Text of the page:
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Werthead

The Night's Dawn Saga by Peter F. Hamilton

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The reason I said 'saga' and not 'trilogy' as I decided to kick things off with the often-ignored excellent short story collection that precedes the main series.

A Second Chance at Eden

In the mid-21st Century a brilliant geneticist named Wing-Tsit Chong creates the affinity gene. When spliced into human beings, it allows them to control bonded servitor animals with total accuracy. Humans fitted with the gene can also communicate with one another using the gene, which creates an effect similar to the old, mythical idea of telepathy. The affinity gene revolutionises science, and when combined with the growing industry of biological technology - bitek - it seems to promise a brighter, less technologically and materially-focused future for the human race. In 2090 the Jovian Sky Power Corporation begins mining helium-3 from the atmosphere of Jupiter and builds a bitek space station, Eden, as a cheap alternative to a traditional but expensive hollowed-out asteroid habitat. Eden is given its own neural strata and its sentient mind can communicate with all of its inhabitants, and all of them with one another, forming the ultimate utopian society.

But change is hard for some to accept. The Reunified Christian Church is deeply concerned about the implications of bitek and affinity, for with a person able to call upon the immediate support of of thousands of other human minds to any crisis or problem, they grow up better-adjusted and in less need of psychological reassurance. In short, they grow up with no need for faith in what cannot be seen or known. And that is a danger that no religion can ignore.

Spanning 516 years of history, the six short stories and the title novella that make up A Second Chance at Eden chronicle humanity's first faltering steps into space, the colonisation of other worlds and the huge schism along ideological and religious grounds that splits the human race in two, the Adamists and Edenists. The final story takes place thirty years before the events of Hamilton's vast and epic Night's Dawn Trilogy, and tells the story of the last voyage of the starship Lady MacBeth under Captain Marcus Calvert.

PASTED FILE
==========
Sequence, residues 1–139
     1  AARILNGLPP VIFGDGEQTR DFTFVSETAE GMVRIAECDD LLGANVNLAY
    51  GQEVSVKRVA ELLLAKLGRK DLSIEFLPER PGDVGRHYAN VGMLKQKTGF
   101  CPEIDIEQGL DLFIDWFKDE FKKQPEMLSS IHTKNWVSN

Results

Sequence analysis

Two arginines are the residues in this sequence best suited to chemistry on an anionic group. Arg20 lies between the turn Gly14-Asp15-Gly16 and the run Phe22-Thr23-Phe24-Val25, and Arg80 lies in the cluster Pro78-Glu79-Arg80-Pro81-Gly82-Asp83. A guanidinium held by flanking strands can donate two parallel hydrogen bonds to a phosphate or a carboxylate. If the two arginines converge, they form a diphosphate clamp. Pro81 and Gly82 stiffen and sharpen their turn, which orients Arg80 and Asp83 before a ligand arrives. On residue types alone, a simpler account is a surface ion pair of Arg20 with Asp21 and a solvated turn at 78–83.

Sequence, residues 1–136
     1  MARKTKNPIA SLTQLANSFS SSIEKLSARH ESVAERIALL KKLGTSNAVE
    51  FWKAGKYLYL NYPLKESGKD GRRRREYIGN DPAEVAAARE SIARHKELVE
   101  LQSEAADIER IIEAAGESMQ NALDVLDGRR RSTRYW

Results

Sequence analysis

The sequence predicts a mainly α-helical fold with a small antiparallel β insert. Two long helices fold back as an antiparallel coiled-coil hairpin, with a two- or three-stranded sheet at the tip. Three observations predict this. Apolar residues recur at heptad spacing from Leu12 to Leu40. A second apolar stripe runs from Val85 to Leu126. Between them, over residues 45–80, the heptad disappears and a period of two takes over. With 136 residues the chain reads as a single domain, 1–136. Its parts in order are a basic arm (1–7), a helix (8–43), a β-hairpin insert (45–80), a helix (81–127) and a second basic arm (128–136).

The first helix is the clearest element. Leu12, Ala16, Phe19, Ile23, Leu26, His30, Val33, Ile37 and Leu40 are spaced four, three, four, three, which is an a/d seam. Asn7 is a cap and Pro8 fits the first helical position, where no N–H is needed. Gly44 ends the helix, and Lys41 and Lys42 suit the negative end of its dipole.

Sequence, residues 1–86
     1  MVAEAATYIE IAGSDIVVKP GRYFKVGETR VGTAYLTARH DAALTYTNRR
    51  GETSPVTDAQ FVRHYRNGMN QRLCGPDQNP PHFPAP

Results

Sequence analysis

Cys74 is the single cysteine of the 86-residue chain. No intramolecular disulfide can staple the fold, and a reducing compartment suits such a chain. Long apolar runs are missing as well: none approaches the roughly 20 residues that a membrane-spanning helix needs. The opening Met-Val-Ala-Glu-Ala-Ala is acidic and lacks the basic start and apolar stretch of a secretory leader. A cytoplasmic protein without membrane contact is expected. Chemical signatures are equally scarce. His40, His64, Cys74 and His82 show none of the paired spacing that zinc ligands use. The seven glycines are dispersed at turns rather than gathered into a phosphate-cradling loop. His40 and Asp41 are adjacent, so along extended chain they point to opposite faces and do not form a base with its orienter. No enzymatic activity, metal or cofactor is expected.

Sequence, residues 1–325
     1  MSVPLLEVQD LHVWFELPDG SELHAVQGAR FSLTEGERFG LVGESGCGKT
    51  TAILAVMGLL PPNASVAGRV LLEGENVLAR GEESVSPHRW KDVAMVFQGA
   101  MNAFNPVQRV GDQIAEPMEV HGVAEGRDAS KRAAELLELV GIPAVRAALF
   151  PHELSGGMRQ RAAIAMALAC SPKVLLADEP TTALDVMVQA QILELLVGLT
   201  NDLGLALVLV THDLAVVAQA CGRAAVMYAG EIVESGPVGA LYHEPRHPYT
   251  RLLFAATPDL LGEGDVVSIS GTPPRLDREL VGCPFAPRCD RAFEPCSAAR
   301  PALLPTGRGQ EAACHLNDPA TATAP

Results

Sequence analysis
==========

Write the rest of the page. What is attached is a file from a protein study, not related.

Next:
Peter F. Hamilton is best-known for his immense, brick-thick novels, themselves usually parts of trilogies or duologies of a truly epic and cosmic scale. However, he initially made his career in short stories, building up an impressive body of work in the six years prior to the publication of his first novel, Mindstar Rising, in 1993. Several of these stories were based around the fictional science of affinity, which he explored in different ways. After his popular story 'Candy Buds' was published he expanded the concept to novel-length, giving rise to the massive Night's Dawn story. In 1998 he revisited these early short stories, re-editing them to fit into the Confederation timeline a bit more neatly, and combined them with some new works to form this collection.

A Second Chance at Eden is excellent, showing Hamilton's skills are just as impressive, if indeed not moreso, when applied to the short form as to his mega-epics. The first story, 'Sonnie's Edge', shows the dark side of affinity as it is used for a rather unpleasant new bitek version of bear-baiting, with an absolute killer ending. The story's setting, Battersea in 2070, (with the vast domes of the London arcology we later see in The Naked God taking shape in the background) is vivid and impressive.

'A Second Chance at Eden' itself takes us to the Eden habitat in 2090. This murder-mystery novella is superb, showing the birth of the culture we will see in action close-up throughout the Night's Dawn Trilogy and examining the morality and ethics of the affinity technology when brought in sharp conflict with religious concerns. This is an intelligent story which, in the tradition of all good SF, brings complex ideas back back down to the human level.

'New Days, Old Times' is Hamilton's answer to why the colonies in the Confederation are ethnically-'streamed', instead of culturally integrated. We visit the planet Nyvan (which plays a big role in the trilogy) and Hamilton's argument - that if different cultures, religions and societies are forced to live together on another world we will simply make the same mistakes all over again - is grimly persuasive. 'Candy Buds' is one of Hamilton's best-known short stories, set on Tropicana, the only Adamist world where bitek remains legal by the late 24th Century, where the richest man on the planet finds himself unusually touched by the plight of a young girl he was planning to exploit for her astonishing discovery. A dark story with a savagely clever ending.

'Deathday' is a superb slice of SF horror, as one of the last colonists ordered to leave the failed farming world of Jubarra pursues a destructive vendetta against a resident lifeform with destructive results. 'The Lives and Loves of Tiarella Rosa' is a curiously brutal and selfish kind of love story with a melancholic aspect, actually reminiscent of GRRM's 1970s SF work (such as 'A Song for Lya'). It's not quite as good as that due to a somewhat weird ending, but it's certainly a change of pace for Hamilton and works well for the most part.

'Escape Route' takes us to the last voyage of the Lady MacBeth under the captaincy of Joshua Calvert's father and explains exactly what happened to trash the ship so badly it was drydocked at Tranquillity for thirty years. This is an excellent SF story featuring some traditional tropes, such as the dubious passengers and an abandoned alien artifact in space, with a clever resolution. For fans of the trilogy, this story does fill in some gaps in the backstory in an entertaining manner.